After the presentation, one of the assistants to the Minister of Finance spoke up and said that some pump supplies were in fact covered for those over 18. The presenter pressed the man to say what supplies were covered but he could not answer her. I was shocked as our diabetes clinic was looking to receive funds from the Diabetes Hope Foundation to help young adults. They surely should have known if there was a provincial program and wouldn’t look to private funding. I could not let this sit. The assistants are known to have a lot of power when it comes to getting things done as they tend to sit in the departments for longer than Ministers. I had to make sure that this guy had his facts correct.
I went up to him after the meeting and explained who I was. I asked him what pump supplies were covered. He said that while the pump wasn’t covered, test strips were. And???? Well it turns out that was it. Test strips could be covered under the provincial drug plan for qualified users. Okay but that helps all people living with diabetes whether they are on insulin, medication or diet and exercise. It does not help someone to maintain their insulin pump. He had no idea. I was scared. This was one of the people involved in deciding on if we should have funding and he doesn’t have a clue about what we are talking about.
The plus side is that there are a few more public meetings available for people to set them straight. The downside is trying to find people to speak out, to take an afternoon or morning of their time and spend it in one of these forums. It is trying to get people to write emails and contact the panel to let them know that this is important and why. Please, if you can help us to help the adults with diabetes in Newfoundland and Labrador. With the right tools and knowledge anything is possible. Even Liam’s goal of better readings. He has already dropped his A1c by .6% and has a very proud mom.
January 2010. Where did the time go? I know its a question we ask every year. You would think that we would have the answer by now! Well I don’t have the answer to that question but I do have another question that has been asked before that I will be asking again in 2010…Premier Williams, please, please, please expand our provincial insulin pump program to include those over 18 years of age!!!
Yes, its that time of year again! Its time to roll up our sleeves, bring out our dialing fingers and our typing hands and get back to work. Last year we asked for pumps for adults. We asked that the Newfoundland and Labrador government follow in the path of the Ontario government. Ontario had become a “have not” province and yet still manages to fund insulin pumps for all of its citizens living with diabetes despite age. Newfoundland and Labrador declared itself to be a “have” province and yet new hospital parking lots took precedence over an adult insulin pump program. Now I have tried to park in some hospital lots and I will agree that there can be huge problems there but the reality of 18 year old men and women having to remove their insulin pumps because they cannot afford the supplies is personally a much more grave concern. Parking is an inconvenience. Insulin pump therapy and the benefits it provides has a direct impact on the provincial economy and its spending.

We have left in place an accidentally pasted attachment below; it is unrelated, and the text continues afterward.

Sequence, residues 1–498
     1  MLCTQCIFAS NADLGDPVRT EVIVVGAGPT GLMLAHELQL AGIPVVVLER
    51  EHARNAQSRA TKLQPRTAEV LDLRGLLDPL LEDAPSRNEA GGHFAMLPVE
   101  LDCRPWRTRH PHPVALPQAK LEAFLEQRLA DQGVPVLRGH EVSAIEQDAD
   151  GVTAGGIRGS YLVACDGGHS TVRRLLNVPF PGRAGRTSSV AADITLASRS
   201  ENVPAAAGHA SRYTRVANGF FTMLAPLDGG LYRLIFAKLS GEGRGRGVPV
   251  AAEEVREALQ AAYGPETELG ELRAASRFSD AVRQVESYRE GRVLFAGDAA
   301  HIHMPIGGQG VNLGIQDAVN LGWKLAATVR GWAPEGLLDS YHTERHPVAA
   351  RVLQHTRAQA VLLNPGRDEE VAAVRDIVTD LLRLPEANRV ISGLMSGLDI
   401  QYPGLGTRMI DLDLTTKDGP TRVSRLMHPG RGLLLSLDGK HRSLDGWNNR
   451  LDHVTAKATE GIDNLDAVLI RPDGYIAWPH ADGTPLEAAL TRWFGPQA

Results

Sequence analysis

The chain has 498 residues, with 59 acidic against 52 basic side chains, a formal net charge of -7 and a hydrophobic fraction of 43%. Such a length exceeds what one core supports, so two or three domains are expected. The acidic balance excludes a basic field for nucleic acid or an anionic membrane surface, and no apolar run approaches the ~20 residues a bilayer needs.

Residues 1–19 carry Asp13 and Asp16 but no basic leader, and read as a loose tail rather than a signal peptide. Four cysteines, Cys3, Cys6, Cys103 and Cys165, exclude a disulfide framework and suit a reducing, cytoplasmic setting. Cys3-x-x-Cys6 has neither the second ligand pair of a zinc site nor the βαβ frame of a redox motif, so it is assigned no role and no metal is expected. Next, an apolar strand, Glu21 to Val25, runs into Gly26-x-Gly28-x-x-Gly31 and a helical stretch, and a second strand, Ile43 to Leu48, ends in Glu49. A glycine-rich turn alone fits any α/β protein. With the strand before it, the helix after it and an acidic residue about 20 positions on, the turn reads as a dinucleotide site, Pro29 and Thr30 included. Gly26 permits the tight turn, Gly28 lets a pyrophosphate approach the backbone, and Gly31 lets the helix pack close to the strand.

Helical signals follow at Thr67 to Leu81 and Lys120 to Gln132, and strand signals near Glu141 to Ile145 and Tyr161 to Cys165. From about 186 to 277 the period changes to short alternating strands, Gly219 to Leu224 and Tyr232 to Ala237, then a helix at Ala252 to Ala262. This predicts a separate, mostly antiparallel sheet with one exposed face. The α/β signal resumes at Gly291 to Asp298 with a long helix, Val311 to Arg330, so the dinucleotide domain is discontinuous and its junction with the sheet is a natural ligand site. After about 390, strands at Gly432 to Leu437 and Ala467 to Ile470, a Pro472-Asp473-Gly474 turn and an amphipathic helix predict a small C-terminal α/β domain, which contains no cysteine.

Individuals who are able to tightly manage their diabetes are less likely to end up in the hospital with emergencies blood glucose issues. Individuals who use an insulin pump can more easily handle jobs that involve shift work and therefore can be tax paying members of society. Individuals with diabetes who are able to maintain their treatment method after they turn 18 have less reason to leave the province to seek employment. They can stay home, work in their local economy and still afford to live. In a province that has seen record out migration for longer than it has seen in-migration, you would think that this would be a win-win proposition.
This program is not a costly one. Many adults living with Type 1 diabetes in Newfoundland and Labrador will already have some sort of pump coverage. Adults who were not transitioned to a pump as youth will often be reluctant to start on “new” therapies. Last year’s estimates suggested that a four year pump program, including pumps and supplies for adults without any pump coverage (not including man hours) would cost the government approximately $2million. What is $2 million when compared to helping thousands of adults living in Newfoundland and Labrador?
At the moment, the reality is that young adults who turn 18 and go into the workforce or who have parents without insulin pump coverage are often forced to rely on donations or return to injections. This is not acceptable. Please help us to make the government aware. Let us know if you can help emailing MHAs, calling and getting the word out at pre-budget consultations and more. Lets make the 2010 budget be a budget that will assist those living with diabetes in Newfoundland and Labrador.